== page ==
Chauncey Flay’s One Million Marks, is a fascinating and uncompromising project, that began with the question ‘What is infinity?’ and eventuated into a process of making one million marks from stone pigment. For the project, Chauncey collected, sculpted and polished 100 stones from across the South Island and transformed each stone into a small sculpture. Using the slurry from each stone, he then created a natural pigment, from which he produced (by hand) one million painted marks.
Each of the 100 stone sculptures comes with a book containing 10,000 marks – made from the unique stone pigment – collectively cataloguing the total number of marks made: one million! One Million Marks is a conceptually strong and obsessive body of work that, amongst other things, speaks to how we might value labour in the art making process. The project was the subject of a recent stuff article and has been generously reviewed by Don Abbott in the new edition (Winter 2023) of Art New Zealand – who mentioned:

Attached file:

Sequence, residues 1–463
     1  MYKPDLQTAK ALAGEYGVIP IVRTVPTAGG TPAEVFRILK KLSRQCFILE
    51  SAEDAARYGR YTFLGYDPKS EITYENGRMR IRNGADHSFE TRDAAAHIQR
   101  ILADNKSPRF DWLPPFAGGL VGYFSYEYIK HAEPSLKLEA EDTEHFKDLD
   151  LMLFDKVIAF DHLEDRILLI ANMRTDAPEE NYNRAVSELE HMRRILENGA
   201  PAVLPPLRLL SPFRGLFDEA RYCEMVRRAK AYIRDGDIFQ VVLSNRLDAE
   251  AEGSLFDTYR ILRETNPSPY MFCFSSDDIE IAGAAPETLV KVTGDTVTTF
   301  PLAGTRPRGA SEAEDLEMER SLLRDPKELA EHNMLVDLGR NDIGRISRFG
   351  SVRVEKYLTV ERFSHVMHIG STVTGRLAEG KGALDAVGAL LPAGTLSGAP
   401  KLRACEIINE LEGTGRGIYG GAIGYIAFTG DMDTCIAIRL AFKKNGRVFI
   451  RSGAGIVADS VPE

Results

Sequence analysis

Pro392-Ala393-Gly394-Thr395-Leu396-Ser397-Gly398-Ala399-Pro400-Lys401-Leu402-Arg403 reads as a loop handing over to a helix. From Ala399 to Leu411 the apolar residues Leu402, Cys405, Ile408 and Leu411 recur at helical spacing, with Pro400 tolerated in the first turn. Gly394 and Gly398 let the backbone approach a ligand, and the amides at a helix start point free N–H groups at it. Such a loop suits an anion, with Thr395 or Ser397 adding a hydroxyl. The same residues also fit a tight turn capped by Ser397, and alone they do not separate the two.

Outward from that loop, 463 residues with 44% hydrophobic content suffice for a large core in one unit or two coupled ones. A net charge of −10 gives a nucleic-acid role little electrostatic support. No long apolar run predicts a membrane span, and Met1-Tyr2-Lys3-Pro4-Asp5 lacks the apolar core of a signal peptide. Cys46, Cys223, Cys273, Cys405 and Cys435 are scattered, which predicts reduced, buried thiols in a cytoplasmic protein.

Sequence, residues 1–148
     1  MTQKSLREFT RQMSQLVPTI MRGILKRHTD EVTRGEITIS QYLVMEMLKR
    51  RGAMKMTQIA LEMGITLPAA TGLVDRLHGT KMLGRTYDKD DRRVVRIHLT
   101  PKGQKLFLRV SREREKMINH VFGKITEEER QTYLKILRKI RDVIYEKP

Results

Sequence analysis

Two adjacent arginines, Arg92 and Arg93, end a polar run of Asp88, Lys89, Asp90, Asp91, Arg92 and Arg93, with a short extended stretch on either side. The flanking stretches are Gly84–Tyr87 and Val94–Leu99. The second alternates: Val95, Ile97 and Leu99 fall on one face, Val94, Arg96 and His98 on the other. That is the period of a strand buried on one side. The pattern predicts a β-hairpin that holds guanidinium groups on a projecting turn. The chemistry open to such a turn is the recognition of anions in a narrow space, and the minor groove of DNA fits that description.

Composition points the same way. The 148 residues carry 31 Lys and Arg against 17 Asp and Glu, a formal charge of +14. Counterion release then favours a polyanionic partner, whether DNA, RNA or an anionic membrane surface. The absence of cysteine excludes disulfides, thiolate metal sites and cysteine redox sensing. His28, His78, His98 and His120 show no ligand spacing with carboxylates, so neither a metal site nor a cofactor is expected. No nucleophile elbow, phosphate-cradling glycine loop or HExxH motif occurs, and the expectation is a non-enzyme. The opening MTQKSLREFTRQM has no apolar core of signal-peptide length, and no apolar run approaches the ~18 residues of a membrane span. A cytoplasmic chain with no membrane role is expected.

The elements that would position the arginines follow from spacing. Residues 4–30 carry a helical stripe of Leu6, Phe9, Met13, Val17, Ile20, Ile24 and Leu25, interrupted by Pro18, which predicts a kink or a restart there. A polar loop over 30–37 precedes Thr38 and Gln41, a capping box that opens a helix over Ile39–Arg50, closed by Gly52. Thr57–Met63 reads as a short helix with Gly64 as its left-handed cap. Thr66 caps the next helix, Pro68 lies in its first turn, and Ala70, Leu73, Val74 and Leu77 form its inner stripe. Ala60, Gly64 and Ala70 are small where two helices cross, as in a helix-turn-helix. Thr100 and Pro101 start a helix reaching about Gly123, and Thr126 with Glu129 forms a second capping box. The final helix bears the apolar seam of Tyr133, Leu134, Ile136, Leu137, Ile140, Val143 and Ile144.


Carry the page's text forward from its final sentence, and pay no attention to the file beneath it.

“One Million Marks is a remarkable record of a million gestures. There is a performative component to all sculpture, but with OMM the artwork is the proof of the performance, its uniformity and orderliness belying the physical and mental strain that was endured during its facture. In the gallery it stands for a year’s work; it is simultaneously the end product of an unimaginable superhuman effort, and a ring-fenced distillation of 12 months’ toil, quite accessible and relatable.. an astounding work of art.”
Foenander Galleries exhibiting 35 of the 100 stones – which all speak to their provenance of both place and time – each shaped, crafted into form and sold with a bound book of individual marks. There is limestone from the earthquake damaged Chch Cathedral, and stones donated by fellow stone workers and artists including: Joe Sheehan, Ann Robinson, Tai Meuli and the late sculptor, John Edgar.